Children washed ashore on the coasts of Turkey and elsewhere; refugees1 being detained in the hotspots on the Mediterranean islands, waiting either to be returned or their asylum applications to be processed; and thousands of migrants walking thousands of kilometers to reach Germany in the summer of 2015… Those are the costs of fleeing from home, where there is an ongoing civil war for years; fleeing with the hope for a better life, with human rights and dignity. And those are the incidents happened in the 21st century, in front of the eyes of the millions, which turned out to be “one of the largest forced movements of people since the end of World War II” as described by scholars and the media.
This January, I had an opportunity to do fieldwork at Davos for my research on the role of political, cultural and economic elites in world politics and international relations. Davos is an Alpine resort in Switzerland but in this context it stands for the annual meeting of the World Economic Forum (WEF), which has been held in the town since 1971.1
Since its inception in 2009, the BRICS (as of 2011 composed of Brazil, Russia, India, China, South Africa) has forcefully argued that in the emerging world order, the West lacks both the moral and political authority to set the rules of globalisation and dictate for sovereign states how they should or should not behave.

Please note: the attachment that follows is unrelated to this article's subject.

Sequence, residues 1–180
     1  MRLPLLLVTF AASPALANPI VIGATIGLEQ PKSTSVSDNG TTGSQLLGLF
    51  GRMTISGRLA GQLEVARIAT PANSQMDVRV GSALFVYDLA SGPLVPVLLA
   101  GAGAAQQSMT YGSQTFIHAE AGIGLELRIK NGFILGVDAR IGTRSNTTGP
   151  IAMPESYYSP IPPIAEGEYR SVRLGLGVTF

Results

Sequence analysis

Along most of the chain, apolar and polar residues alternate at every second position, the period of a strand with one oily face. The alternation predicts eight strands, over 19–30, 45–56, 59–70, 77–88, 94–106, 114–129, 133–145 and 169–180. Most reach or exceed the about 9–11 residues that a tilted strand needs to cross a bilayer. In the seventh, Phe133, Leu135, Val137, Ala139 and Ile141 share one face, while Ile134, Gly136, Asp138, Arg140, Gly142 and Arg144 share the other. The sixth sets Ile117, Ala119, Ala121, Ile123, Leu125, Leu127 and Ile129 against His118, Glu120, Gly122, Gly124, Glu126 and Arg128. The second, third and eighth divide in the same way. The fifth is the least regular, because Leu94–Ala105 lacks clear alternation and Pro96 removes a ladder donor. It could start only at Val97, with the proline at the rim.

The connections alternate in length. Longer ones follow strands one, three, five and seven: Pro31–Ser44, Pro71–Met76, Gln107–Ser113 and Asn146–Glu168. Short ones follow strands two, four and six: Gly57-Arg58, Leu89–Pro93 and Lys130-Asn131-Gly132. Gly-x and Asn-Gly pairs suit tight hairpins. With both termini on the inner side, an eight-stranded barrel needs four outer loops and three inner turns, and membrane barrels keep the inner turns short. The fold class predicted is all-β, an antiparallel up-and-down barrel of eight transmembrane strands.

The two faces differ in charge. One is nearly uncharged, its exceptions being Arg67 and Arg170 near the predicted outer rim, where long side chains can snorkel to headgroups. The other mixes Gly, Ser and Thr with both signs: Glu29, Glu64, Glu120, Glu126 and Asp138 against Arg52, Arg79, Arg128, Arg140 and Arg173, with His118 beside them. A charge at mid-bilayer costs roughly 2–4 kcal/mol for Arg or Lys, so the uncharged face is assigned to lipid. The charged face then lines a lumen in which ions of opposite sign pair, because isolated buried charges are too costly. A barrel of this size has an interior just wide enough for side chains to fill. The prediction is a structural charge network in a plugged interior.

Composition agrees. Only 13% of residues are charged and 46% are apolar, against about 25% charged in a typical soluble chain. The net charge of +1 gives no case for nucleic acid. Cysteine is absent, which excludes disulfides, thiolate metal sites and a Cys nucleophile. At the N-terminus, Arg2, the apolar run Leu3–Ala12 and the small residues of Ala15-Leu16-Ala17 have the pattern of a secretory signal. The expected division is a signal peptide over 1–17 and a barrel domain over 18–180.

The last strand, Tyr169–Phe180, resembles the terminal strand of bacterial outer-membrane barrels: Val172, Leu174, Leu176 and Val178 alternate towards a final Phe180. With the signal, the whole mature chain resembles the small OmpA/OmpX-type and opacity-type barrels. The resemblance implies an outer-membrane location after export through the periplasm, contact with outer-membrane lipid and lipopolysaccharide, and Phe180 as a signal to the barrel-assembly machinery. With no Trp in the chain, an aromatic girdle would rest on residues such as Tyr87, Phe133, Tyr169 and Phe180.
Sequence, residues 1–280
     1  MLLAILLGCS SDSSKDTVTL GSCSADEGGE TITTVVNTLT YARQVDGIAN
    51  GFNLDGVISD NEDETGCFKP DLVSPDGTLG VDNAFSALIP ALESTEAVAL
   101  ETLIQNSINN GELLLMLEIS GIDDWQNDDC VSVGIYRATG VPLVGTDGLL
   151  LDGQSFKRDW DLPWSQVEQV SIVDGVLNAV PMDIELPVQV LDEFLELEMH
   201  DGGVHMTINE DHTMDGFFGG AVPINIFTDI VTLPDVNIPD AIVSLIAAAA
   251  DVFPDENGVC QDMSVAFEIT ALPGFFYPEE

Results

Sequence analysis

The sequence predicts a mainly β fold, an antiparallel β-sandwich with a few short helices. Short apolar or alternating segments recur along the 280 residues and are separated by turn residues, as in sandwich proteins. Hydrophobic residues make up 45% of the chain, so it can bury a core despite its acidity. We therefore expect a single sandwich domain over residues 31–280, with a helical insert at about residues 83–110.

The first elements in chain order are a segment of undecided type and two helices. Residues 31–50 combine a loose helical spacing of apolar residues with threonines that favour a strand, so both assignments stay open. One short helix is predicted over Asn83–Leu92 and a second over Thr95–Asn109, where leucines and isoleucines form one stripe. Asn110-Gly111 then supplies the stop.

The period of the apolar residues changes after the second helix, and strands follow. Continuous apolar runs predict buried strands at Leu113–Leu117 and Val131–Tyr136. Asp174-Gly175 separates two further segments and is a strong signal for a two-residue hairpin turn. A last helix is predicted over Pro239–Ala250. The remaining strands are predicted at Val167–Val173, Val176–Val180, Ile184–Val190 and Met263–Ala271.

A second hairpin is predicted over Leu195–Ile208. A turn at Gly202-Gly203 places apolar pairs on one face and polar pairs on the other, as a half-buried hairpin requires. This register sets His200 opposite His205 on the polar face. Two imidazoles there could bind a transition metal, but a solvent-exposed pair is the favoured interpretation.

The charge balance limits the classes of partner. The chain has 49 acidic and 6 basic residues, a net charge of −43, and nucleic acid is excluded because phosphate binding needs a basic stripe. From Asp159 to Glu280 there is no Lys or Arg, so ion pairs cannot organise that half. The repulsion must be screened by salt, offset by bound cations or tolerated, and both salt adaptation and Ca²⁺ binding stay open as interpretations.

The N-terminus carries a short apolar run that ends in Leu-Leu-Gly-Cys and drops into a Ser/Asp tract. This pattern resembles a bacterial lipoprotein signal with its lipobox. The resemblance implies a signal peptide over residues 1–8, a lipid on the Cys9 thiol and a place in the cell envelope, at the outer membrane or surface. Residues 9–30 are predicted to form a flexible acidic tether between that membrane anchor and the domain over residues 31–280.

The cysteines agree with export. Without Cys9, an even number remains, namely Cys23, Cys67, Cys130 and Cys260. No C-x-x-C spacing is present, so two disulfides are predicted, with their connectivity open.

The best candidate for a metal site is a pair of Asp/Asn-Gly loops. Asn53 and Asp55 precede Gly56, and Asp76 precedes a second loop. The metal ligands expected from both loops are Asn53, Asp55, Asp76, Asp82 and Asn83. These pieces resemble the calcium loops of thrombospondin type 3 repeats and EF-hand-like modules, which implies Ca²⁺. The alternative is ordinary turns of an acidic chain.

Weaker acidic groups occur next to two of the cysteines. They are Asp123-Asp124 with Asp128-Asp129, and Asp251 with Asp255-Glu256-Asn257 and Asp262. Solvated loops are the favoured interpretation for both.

Professor Kemal Kirişci gave a guest lecture about EU-Turkey relations on the Faculty of Management last week. A lot has changed since Kirişci’s last visit to Tampere 40 years ago. During this time, Kirişci has seen the end of the Cold War with its profound consequences including the rise and fall of European integration and EU-Turkey relations. But what has actually happened? What are the reasons behind these developments?